my issue with the bailout

So I’ve been reading up a lot on the financial crisis. Along with a great group of grad students, my colleagues Josh Whitford, Sudhir Venkatesh, and I have been dedicating a couple hours every other Friday to read through and make sense of what’s going on. Yesterday word just came down that GM’s CEO has been fired by the Obama folks. I don’t have much of an issue with this. But here’s what I DO have an issue with:

1.) The Geithner plan is a way to reinflate the bank/financial capitalism bubble with the hope that losses can be distributed in the long term (across, say, a decade rather than a year). They seem to be saying to us, “don’t worry, this next time we’ll get it right, through regulation.” You’ll have to excuse me if I’m not buying.

2.) GM and Chrysler have problems. They’re selling about 40% fewer cars than they were a few years ago. Few businesses, no matter how well run, can sustain this kind of hit, particularly those who are structured in a way that requires them to move their product quickly. GM in particular made the fateful decision to become a financing company, where their product (cars) were basically a mechanism for them to sell financing to people (Ford, by contrast did not make this move and had cash reserves on hand; Toyota and Honda to an even greater degree). For this, and other management decisions, I think the Obama folks are right in asking the CEO to step down. But here’s the issue:

3.) The Obama folks and many pundits are willing to let the manufacturing economy fail in a way that they are NOT willing to let finance capital fail; or better, they are willing to step in and restructure manufacturing in ways that they are not willing to intervene in finance. The argument here is that manufacturing made “bad decisions.” However, what was the bad decision that manufacturing made? Well, primarily shifting their profit accumulation to finance capitalism. Those firms that did this failed; those that did not are surviving. The failure of the auto makers is, to a large degree, the same as the failure of the banks. Yet the auto makers are being subject to punitive measures in the way that finance capitalism isn’t. So here’s the kicker:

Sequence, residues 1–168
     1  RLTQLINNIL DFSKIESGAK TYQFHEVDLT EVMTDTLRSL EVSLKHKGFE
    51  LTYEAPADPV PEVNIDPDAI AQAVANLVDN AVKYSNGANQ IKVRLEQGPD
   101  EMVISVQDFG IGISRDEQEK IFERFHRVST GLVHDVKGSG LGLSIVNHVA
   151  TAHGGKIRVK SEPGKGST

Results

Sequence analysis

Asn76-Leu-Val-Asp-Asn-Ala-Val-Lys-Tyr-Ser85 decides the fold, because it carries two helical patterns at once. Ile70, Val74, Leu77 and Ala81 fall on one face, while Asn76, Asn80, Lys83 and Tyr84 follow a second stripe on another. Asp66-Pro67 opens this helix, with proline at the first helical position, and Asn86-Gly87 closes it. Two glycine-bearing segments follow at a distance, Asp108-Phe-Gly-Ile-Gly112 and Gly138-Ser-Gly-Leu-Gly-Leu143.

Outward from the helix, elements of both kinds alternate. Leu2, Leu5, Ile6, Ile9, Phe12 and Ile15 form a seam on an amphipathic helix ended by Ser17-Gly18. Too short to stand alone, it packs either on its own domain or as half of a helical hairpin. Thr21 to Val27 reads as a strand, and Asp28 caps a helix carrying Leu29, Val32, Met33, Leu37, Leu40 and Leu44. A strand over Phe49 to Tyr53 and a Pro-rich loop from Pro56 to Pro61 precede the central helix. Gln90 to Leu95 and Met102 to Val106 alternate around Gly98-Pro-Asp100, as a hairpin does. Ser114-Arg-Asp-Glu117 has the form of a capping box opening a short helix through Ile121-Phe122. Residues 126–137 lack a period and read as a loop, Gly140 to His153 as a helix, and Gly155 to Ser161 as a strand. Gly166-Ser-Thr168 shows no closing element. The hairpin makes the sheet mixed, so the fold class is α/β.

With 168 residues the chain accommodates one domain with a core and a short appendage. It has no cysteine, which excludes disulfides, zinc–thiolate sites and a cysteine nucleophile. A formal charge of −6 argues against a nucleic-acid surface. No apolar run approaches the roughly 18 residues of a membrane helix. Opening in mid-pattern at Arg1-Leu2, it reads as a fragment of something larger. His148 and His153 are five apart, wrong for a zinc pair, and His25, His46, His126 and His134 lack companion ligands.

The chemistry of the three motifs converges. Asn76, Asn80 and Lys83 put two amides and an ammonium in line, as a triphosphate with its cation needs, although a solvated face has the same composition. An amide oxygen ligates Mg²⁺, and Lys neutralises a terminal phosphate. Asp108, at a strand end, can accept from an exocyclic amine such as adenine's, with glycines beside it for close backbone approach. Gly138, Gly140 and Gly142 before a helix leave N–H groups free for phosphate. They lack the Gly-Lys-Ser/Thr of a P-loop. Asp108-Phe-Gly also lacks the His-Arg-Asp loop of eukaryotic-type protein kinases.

4.) The assumption behind the Obama team is that if we simply prop up finance capitalism again, and regulate it better this time (by which they mean, regulate the issues that occured in the past and nothing more) then all with be fine. It’s the new economy. Manufacturing is dying. But the triumph of finance capitalism has been the triumph of inequality. We know this story well. Since the 70s, inequality has increased, not decreased. America  lost good jobs and gained lots of bad ones. Wright and Dwyer have shown that the pattern of job expansion through the 90s (Clinton’s great era) was one wherein there were few to no middle class jobs (job growth was isolated in the bottom and top quintiles) meaning that intra-generational mobility was a near impossibility (there are few intermediate jobs that allow you to climb). Looking at the same era Dean Baker has show that much of the growth since the early 90s has been a growth in consumption fueled by the accumulation of debt  (Americans now have, on average, nearly $10,000 in credit card debt). Basically, the “growth” in finace capitalism has largely been illusionary; what’s grown is our average debt-load and the capacity of those on the top to capture more and more of the spoils.